Christmas literally came early for Lionel Messi and Barcelona during El Clasico on Saturday.
Blaugrana have started the new season in scintillating fashion and extended their La Liga advantage over Real Madrid to a gargantuan 14 points with a 3-0 win at the Bernabeu.
After a tense first-half ended goalless, Luis Suarez elongated his recent return to form to open the deadlock before Los Blancos were reduced to ten men thanks to Dani Carvajal's illegal goal line clearance.
Messi stepped up and scored from the penalty spot, enhancing his record of El Clasico goals to a dizzying tally of 25.
The Argentine then played a crucial role, wearing just a single boot, in the killer blow as Aleix Vidal made it 3-0 after Keylor Navas' uncharacteristic error.
It really was a convincing victory for Barcelona and one of Messi's finest individual performances in recent seasons. In spite of Cristiano Ronaldo collecting this year's Ballon d'Or, it seems the man to beat now takes residence in Catalunya.
What makes the showing all the more spectacular, though, is the fact Zinedine Zidane set up to man mark the 30-year-old using steady midfielder Mateo Kovačić.
He's no Claude Makelele or Roy Keane but the Croatian remains one of the best in the world for his position, so how did Messi run riot?
Well, tactical analysis since the fateful game has shown exactly how Messi managed to undermine Zidane's tactics from the very first minute.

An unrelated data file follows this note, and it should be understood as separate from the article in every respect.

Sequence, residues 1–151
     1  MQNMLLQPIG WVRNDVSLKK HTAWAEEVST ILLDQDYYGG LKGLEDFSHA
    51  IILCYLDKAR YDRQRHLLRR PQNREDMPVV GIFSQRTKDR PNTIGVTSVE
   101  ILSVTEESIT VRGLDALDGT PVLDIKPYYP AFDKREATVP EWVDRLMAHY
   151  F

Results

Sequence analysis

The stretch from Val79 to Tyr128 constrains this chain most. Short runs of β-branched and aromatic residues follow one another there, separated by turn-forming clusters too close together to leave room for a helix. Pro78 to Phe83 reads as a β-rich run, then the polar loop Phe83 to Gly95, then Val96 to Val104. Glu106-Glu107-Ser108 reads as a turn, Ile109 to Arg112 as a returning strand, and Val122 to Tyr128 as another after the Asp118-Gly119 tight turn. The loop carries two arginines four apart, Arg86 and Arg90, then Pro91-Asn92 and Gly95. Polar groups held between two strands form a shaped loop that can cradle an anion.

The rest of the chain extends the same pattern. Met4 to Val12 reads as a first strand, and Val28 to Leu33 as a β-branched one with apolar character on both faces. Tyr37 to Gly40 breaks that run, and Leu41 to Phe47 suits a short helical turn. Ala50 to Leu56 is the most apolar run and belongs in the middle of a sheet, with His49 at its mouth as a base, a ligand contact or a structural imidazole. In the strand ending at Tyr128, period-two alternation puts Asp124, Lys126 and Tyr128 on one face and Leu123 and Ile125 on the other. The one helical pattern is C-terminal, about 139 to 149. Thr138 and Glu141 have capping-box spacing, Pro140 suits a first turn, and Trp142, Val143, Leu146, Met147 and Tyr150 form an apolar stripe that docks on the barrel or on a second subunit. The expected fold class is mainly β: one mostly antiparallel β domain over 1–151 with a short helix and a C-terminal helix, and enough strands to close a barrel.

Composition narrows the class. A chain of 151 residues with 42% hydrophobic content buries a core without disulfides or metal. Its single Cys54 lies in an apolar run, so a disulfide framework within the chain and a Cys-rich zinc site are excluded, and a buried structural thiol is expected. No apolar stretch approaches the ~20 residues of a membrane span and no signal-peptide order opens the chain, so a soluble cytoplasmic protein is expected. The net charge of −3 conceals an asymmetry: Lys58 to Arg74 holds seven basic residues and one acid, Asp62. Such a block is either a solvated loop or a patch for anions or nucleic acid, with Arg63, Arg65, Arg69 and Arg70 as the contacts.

The plan all revolved around Barcelona's star man dropping deeper than usual with the biggest threat to Real Madrid's goal, causing even more damage when further from it.
Take a look at the video below:
So, what's the gist?
Messi dropping deeper would always allow another member of the Barcelona midfield greater space in forcing Kovacic, who stuck closely to his orders, to deviate from his position.
This proved a particular problem in the first-half with Sergio Busquets gaining acres of space. Had Kovacic moved up to mark the Spaniard, then Messi would have been free and a defender would be forced to break the backline to compensate.
In other words, whenever Messi dropped, Barcelona effectively had an extra man in the midfield.
Messi took this to the extreme in some cases with Karim Benzema being forced to mark Busquets, as the five-time Ballon d'Or would sometimes drop back to within five yards of his own defence.
Yet Messi could still be so involved in attacks? Well, Busquets would occasionally 'mark' Kovacic when Barcelona were in possession to unleash the main man.
Do you think Lionel Messi is on course for the 2018 Ballon d'Or? Have your say in the comments section below.
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